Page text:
Foundations of Internet Research: The Age of Global Communication (MA)

This course deals with a range of aspects of internet research – theoretical, practical, ethical, and more. It takes two main approaches, as well as an approach that combines the two. The first looks at how the internet can be used as a research tool. How can data collected through the internet help us understand the world around us? This includes the use of search engines, online databases, and other digitally-generated resources, such as the discussion pages for Wikipedia articles, hyperlinks, and Facebook profiles. The second looks at research of internet phenomena, such as social network sites, search engines, and more. These phenomena need not necessarily be researched using online tools: we might study online support groups by interviewing members face to face. The third approach is one where we use internet-based tools or data to study online phenomena. In brief, the course asks how we can use the internet as a research tool, and it asks how we can research the internet. Throughout the course special emphasis is placed on different aspects that set the Internet apart from other media environments: multimedia interactive contents, recorded behavior, technological and social structures as well as its capacity to act as a social environment in its own right. While the main class focuses on discussing the conceptual and theoretical implications of Internet Research, the tutorial has a practical orientation, and students will learn hands on how to use new tools.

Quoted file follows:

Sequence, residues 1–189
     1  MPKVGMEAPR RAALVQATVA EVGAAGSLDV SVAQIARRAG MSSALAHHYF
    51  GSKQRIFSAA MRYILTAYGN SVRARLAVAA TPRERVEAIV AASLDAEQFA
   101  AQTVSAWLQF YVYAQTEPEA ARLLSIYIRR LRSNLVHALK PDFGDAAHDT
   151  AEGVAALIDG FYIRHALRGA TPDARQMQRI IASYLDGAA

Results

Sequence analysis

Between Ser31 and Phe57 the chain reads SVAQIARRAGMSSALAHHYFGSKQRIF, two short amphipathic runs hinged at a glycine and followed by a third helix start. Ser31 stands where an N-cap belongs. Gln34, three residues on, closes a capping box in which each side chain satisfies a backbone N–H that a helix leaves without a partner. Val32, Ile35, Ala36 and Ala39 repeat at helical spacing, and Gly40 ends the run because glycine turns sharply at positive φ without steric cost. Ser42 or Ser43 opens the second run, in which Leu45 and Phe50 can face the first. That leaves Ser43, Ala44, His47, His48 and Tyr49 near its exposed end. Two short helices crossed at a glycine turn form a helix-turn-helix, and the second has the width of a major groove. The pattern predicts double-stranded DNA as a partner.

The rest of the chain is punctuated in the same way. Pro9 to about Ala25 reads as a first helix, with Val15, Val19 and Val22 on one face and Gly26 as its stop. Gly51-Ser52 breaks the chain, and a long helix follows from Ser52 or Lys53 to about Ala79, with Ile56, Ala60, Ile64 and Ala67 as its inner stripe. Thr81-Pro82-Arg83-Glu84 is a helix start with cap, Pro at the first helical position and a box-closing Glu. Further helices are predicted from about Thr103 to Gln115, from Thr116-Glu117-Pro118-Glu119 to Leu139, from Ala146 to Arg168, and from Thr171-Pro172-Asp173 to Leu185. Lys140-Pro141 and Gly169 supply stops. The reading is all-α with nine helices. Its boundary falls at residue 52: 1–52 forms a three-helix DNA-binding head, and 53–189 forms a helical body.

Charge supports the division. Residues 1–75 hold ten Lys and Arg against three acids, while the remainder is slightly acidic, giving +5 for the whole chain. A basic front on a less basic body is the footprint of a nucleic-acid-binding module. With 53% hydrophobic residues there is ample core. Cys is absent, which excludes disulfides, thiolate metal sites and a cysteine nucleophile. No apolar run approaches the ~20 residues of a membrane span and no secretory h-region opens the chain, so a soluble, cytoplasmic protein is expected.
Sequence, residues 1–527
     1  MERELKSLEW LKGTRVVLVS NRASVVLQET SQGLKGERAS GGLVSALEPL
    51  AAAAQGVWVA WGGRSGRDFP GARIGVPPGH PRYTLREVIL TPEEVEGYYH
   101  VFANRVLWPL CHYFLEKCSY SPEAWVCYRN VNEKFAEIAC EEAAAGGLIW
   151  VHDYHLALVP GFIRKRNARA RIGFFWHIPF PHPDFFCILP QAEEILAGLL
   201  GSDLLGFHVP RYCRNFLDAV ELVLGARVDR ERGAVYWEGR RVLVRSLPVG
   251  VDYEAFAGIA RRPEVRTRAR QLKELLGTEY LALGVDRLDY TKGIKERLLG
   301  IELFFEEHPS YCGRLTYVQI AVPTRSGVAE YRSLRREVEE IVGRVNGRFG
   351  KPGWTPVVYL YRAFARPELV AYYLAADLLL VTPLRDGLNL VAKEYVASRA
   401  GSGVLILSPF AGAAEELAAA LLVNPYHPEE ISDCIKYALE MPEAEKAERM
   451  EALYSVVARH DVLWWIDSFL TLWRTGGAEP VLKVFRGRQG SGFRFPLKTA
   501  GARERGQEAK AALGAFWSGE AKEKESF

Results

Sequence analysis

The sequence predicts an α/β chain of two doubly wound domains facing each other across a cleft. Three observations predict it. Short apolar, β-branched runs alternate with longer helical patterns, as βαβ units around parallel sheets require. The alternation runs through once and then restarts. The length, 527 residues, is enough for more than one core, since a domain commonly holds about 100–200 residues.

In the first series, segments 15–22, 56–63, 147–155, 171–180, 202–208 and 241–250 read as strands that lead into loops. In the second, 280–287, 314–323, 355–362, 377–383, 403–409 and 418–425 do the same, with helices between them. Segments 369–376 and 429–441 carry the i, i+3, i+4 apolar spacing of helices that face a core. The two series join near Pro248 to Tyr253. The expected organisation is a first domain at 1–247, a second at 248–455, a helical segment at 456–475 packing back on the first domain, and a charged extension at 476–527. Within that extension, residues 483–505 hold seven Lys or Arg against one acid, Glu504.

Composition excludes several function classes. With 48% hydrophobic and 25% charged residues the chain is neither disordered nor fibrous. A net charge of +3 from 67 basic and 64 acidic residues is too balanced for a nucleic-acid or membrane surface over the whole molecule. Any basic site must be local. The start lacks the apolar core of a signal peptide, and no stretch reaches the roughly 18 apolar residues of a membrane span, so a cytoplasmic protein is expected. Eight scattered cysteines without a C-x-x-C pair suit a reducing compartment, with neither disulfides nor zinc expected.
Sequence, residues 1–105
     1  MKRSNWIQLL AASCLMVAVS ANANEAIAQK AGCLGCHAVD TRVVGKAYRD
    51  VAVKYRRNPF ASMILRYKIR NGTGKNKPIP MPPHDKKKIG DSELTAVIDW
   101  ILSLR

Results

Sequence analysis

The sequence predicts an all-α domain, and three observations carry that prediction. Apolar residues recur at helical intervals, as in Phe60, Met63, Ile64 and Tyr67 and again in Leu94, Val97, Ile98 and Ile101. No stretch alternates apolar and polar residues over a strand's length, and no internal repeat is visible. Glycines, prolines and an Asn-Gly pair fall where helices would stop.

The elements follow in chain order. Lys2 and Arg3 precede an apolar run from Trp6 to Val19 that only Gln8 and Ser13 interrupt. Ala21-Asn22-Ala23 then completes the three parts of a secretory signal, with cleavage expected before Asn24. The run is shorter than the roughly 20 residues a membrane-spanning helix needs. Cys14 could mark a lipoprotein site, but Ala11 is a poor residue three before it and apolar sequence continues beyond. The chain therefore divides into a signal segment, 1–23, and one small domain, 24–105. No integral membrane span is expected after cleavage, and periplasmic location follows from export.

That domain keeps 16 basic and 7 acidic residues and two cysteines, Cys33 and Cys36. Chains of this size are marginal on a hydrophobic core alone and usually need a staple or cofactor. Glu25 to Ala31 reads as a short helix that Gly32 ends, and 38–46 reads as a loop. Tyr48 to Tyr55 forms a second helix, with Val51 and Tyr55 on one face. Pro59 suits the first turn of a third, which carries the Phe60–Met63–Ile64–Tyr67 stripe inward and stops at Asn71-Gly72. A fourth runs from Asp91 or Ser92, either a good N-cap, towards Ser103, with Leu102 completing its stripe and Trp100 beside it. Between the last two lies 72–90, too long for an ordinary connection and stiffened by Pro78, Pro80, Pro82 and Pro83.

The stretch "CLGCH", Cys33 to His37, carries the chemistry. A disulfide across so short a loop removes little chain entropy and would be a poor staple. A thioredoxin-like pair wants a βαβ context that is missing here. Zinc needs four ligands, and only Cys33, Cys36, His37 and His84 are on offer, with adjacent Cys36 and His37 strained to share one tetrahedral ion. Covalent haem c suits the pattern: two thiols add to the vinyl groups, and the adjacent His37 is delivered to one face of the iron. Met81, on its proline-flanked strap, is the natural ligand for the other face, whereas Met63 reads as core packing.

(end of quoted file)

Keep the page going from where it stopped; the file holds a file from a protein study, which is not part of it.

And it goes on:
Course Topics

  • Getting to terms: Fundamentals of Internet Research

  • Researching the Internet I: Questions & Applications

  • The Internet as Content I: Contents & Contexts

  • The Internet as Content II: Interactivity, Dynamism & Archiving

  • The Internet as Record I: Behavioral Traces

  • The Internet as Record II: Analyzing Digital Data

  • The Internet as Object I: Infrastructures & Protocols

  • The Internet as Object II: Algorithms & Platforms

  • The Internet as Structure I: Links, Relations & Networks

  • The Internet as Structure II: Analyzing Networked Data

  • The Internet as Environment I: Uses & Users

  • The Internet as Environment II: Ethics & Research

  • Current Developments: The Political Economy of the Internet

  • Researching the Internet II: Challenges & Futures